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Shane
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Re: Revitalized AM Translators

Post by Shane » Mon Jan 15, 2018 11:58 am

That’s right, Doug. Apparently the actual wording changed to “the greater of” the two contours, yet a couple of paragraphs down (sub paragraph j) reference is still made to the lesser of the two contours being the definition of the AM fill-in area.

I’m not sure what significance that subgraf has.

But condition 2 of the aforementioned authorization is just not rational, although I offer that if the licensee has the means to reduce the power to fit the translator coverage into what he might guess what the AM reduced coverage is, it could stay on. The question is: how does one determine the actual 2mV/m coverage of the AM station at whatever reduced parameters it is operating under? That isn’t normally something the licensee is expected to know, is it? Plus, what is the difference if the mother AM station operating with the reduced parameters normally signs off at night? That would be greatly reduced coverage! Under the terms of that condition one could conclude that once the AM signs off, the translator can either come back on or be restored to its full coverage.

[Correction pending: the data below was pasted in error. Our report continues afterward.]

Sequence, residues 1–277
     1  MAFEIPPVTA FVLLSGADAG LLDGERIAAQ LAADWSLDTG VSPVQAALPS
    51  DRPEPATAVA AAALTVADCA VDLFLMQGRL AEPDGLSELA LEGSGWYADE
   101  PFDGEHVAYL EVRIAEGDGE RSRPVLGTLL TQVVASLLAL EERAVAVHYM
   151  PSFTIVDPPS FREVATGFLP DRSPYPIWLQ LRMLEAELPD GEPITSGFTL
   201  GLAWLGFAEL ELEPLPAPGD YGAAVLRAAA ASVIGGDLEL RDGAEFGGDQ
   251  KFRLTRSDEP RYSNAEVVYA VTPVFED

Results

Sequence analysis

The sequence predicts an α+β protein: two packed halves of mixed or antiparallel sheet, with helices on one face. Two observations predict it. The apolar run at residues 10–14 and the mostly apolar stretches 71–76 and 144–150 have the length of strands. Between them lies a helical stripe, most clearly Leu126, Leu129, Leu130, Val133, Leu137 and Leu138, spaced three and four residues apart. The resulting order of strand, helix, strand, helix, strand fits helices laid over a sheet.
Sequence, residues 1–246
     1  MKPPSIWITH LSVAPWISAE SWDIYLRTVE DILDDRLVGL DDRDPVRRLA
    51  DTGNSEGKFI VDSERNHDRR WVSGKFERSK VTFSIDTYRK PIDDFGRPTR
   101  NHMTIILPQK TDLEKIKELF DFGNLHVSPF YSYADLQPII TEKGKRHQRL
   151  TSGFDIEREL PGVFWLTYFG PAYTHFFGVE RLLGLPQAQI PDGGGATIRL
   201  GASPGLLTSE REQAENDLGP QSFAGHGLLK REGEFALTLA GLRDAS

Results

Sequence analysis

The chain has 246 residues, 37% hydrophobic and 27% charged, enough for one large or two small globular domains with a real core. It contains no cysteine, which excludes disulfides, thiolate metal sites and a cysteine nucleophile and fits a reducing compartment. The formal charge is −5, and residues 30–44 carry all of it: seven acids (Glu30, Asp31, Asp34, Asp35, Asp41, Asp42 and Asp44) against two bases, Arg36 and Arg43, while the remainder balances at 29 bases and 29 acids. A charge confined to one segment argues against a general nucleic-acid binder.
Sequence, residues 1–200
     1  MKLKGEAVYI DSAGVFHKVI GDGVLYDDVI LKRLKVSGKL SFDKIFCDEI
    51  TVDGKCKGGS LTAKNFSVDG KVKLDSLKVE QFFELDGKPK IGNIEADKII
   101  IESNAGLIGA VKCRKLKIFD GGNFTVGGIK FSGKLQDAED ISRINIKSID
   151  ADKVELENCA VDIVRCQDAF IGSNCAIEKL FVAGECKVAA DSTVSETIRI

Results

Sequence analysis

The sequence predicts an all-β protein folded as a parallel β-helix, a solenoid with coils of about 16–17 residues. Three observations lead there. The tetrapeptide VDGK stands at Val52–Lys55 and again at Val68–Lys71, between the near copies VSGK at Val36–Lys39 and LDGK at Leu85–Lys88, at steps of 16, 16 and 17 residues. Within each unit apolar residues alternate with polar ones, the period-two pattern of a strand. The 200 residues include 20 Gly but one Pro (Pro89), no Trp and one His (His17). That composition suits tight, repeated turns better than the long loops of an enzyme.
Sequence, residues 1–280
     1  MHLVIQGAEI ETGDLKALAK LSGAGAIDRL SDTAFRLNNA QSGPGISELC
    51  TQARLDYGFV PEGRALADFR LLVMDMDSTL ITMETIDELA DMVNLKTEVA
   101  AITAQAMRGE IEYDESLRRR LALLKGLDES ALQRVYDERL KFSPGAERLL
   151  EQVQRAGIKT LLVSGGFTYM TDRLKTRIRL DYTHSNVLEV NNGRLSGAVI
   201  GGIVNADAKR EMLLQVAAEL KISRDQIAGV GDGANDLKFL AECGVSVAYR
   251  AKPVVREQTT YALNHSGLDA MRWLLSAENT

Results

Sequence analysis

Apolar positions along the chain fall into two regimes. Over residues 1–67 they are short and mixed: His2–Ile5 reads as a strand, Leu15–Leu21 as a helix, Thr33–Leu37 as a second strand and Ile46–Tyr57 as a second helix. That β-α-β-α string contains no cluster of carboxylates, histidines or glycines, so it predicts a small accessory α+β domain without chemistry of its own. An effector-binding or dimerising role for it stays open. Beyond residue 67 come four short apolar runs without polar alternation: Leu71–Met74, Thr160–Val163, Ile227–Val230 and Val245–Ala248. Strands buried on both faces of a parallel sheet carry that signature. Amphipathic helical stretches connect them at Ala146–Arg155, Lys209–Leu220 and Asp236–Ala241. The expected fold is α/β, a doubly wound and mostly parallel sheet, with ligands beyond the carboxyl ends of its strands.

Makes no sense.

That whole condition is made moot if the translator is at the AM site and has a normal coverage area of 25 or less miles radius.

But one does wonder why they would include that piece of, as Tom rightly called it, overthinking.

P.S.: A couple of posts were made while I was writing this. I did not consider the possibility of a 50kw AM and cheating in the way described. However, if the power reduction is only temporary, why strain at THAT gnat? It would make better sense, only IMHO, to make that provision enforceable when the first request for extension of the STA comes over the transom. In any event, how is the public interest served by reducing the coverage of a duly-licensed fully functioning FM translator because the mother ship is having problems? Bureaucracy at its best.
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Deep Thought
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Re: Revitalized AM Translators

Post by Deep Thought » Mon Jan 15, 2018 1:47 pm

how does one determine the actual 2mV/m coverage of the AM station at whatever reduced parameters it is operating under? That isn’t normally something the licensee is expected to know, is it?